Some people think books should be read in silence.
Others want to share their latest literary
treasure with anyone who will listen. If you fall in the latter category, a
book discussion group may be just the outlet you need.
So where does a bibliophile find a group? Local libraries and
book stores are a good place to start. If you prefer the Internet
experience, plenty of online discussion groups are looking for new members:
Readers, authors, editors and publishers discuss all genres and aspects of
You found a group -- now what do you talk about? First, make
sure that everyone understood the story. Then try
topics like the author's purpose (what did the writer want readers to get from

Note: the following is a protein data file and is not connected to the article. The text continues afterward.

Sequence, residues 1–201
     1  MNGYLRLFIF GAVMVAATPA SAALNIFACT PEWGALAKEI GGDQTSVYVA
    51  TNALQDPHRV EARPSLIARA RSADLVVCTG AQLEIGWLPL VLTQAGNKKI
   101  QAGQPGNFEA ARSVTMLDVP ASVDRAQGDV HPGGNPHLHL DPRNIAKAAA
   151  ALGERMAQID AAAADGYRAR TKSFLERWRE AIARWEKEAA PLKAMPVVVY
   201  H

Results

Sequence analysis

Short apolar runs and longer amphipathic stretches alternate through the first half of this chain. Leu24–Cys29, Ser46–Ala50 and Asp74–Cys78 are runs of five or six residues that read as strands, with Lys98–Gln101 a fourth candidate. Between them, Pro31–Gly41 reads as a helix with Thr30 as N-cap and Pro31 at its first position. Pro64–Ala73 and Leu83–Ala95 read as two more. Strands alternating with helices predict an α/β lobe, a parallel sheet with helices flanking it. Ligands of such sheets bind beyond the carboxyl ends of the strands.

the book?), characters' actions (why did they do certain things, and did you
agree with them?), comparison (how does the book compare to others written by
the author?) and resolution (were you happy with the book's ending?)
Another helpful resource for sparking conversation is the publisher. Here's a quick list of where to find discussion guides from several major
publishers. In addition to discussion questions, they generally offer information
about the book and its author.
Includes best-sellers like "The Hour I First Believed" by Wally Lamb and old favorites like "Brave New World" by
Simon & Schuster
from new releases like "Snark" by David Denby to masterpiece
memoirs like Frank McCourt's "Angela's Ashes."
Hachette Book Group (Time Warner)
Covers everything from self-help wonders like "100 Ways to Simplify Your Life" by Joyce Meyer to
Oprah faves like "White Oleander" by Janet Fitch.